On page 131 Elder goes on to state ‘Christian citizenship fosters fundamental values…’ but he forgets that Christians do not need laws or political action to foster such behavior, they just need the Holy Spirit.  His desire to win the world for Christ via political action is very misguided and he applies Christian ethical teachings wrongly to convince people to follow his personal agenda not God’s.

This does not mean that Christians cannot be involved in politics, but they must do so in accordance to God’s word and commands.  Thus the Christian should not align themselves with any secular party but either be independent or form their own so the unsaved world will see God in action and that the Christian stands by what they say they believe and do not compromise Christianity or God.

  1. 4. “The problem for modern Christians, though, is what to do about peace now.” (Sisk pg. 203)

This chapter focuses on war, peace and the Christian perspective and one of the most misunderstood terms is the word ‘peace’.  We hear  daily about seeking world peace, or pray for world peace yet God never promised that there would be such a thing.  It seems that too many people confuse the term define it to mean that there will be no more wars.  That happens later not now for now sin abounds and the desire for power and control of others is still evident in sinful man (and a lot of Christians).

When the angels sang to the shepherds ‘Peace on earth…’ they were NOT saying that there would be no more wars but that the people need to stop worrying, salvation has come.  Jesus himself said, that ‘that He came to bring a sword not peace’ which means that conflict between people will continue because they will hold to different beliefs.

So the believer cannot expect all wars to cease or that world peace will be a reality, they need to focus on the inner peace, the lack of worrying, the lack of stress and so on, that ‘passeth all understanding’. God’s peace is to the human in spite of the violence and the fighting that is taking place at this time.

Sisk, goes on to discuss Holy Wars and pacifism and for the former we see that the crusades put an end to the fantasy that there can be such a thing as a holy war. The problem with Sisk’s discussion is that he offers no direction nor instruction on how the believer should act ethically as he ignores Jesus’ words, ‘if my people were called to fight…’ Jesus and the Bible do not teach that believers are to conduct physical wars against unbelievers or those of other beliefs.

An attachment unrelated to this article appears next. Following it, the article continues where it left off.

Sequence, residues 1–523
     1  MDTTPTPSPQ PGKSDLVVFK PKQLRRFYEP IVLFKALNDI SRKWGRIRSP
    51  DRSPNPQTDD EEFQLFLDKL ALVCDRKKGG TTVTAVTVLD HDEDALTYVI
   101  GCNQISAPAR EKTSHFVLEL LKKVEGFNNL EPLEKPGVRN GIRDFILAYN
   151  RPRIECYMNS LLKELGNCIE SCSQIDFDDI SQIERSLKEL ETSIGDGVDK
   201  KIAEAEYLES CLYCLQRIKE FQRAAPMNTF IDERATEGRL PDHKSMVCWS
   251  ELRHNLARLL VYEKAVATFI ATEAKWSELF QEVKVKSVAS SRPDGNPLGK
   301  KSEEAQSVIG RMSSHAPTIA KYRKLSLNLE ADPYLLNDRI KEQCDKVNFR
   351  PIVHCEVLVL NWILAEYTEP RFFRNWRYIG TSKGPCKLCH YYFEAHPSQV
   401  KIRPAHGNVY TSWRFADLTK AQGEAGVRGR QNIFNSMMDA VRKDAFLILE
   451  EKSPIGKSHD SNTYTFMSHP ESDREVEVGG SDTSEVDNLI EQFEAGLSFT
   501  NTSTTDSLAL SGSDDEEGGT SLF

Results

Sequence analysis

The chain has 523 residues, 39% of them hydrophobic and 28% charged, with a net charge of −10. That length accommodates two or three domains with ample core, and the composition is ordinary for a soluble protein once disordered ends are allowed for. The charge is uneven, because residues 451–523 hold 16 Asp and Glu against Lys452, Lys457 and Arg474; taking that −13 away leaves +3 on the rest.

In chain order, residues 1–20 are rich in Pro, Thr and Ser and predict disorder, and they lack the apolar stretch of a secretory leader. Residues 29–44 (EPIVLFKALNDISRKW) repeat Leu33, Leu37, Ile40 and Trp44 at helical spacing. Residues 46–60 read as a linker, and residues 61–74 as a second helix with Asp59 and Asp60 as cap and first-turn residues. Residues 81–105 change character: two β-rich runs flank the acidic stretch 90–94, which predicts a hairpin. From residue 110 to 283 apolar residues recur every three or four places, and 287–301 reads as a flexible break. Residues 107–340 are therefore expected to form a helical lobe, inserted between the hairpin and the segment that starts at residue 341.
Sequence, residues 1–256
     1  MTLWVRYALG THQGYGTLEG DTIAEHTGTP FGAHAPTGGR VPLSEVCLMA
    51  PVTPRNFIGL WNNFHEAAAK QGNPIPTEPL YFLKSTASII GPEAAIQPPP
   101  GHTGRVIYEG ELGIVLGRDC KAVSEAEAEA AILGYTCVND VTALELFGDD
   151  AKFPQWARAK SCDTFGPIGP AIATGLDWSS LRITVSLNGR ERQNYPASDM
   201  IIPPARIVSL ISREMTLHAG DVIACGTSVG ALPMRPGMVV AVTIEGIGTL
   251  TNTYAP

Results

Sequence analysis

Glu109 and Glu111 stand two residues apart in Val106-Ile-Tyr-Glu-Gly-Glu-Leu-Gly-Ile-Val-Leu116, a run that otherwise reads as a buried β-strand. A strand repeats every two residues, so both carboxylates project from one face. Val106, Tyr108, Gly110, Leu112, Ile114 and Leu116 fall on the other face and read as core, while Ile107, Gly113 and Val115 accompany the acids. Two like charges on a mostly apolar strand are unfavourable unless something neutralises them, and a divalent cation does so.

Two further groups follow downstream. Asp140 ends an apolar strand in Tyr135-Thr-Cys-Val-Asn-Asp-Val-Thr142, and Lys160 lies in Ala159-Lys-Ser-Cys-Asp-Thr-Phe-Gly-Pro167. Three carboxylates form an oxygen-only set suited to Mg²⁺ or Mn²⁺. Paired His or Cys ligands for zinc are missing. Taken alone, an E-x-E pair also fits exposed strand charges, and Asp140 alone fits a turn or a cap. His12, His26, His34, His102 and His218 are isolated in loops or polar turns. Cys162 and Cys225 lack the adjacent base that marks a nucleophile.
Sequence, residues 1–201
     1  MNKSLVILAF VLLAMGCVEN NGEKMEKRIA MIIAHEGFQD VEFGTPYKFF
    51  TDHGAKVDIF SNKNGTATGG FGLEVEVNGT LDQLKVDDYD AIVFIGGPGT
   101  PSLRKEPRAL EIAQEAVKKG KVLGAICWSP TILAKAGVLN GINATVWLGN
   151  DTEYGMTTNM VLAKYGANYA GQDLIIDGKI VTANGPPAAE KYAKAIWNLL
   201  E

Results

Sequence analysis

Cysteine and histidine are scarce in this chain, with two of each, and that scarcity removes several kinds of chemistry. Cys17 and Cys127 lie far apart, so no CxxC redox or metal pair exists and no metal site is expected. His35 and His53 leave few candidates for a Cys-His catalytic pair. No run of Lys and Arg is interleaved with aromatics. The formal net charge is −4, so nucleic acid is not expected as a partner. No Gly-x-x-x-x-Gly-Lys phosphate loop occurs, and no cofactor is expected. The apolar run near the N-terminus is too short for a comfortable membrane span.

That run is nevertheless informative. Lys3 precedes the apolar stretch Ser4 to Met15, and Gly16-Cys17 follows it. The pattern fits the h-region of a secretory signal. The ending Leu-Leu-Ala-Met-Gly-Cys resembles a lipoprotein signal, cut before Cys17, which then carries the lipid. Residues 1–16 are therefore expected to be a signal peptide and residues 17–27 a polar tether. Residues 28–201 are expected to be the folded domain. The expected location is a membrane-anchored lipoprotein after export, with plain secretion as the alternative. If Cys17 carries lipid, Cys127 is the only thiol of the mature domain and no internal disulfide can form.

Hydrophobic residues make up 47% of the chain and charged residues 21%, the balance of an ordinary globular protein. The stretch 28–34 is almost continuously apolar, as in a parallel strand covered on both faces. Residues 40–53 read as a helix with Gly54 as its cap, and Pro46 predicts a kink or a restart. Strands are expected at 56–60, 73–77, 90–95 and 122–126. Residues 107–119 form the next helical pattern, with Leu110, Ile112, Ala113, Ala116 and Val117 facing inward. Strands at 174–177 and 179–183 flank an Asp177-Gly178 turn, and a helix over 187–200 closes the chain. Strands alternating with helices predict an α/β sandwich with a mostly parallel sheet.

Why Sisk does not include this in His discussion we do not know and later says ‘Jesus suggested a strategy…’ So according to Sisk, Jesus teachings are suggestions not commands or instructions for the believer to follow. Sisk goes on to talk about the ‘just war’ philosophy but again falls short when he does not refute it properly for there can be no such thing as a just war for in any conflict innocent people are slaughtered and that is just not just nor God’s way.

He seems to leave out or not know about the scriptures where God and Jesus teach that they will protect their people, and blessed is the town or nation that has God as its walls. Believers do not need to worry about war or peace because they have God on their side.

Sisk discusses several different issues, and one is the ‘call of the Christian’ which he discusses how some people think being pacifists in this violent world is unrealistic, yet such people forget that Jesus never fought anyone, never defended himself using armies and healed a man’s ear when one of His disciples cut it off, rebuking the disciple. Christians are to be Christ-like which means they can be pacifists if they want.

Does this mean that believers cannot be soldiers? No. For the military needs the light shone upon them as well and Christ never rebuked a soldier nor taught that believers could not be part of the military. Yet if the Christian does enter the armed forces they must stand up and use God’s ways not secular ones.

In the military it is taught that the only person a soldier has to rely on is his buddy but for the Christian we know this is not true, we are to rely on God for buddies will fail, they will run, they will be killed thus the soldier following the secular way is often left alone and not taught to rely on the one who does not fail, run or be killed.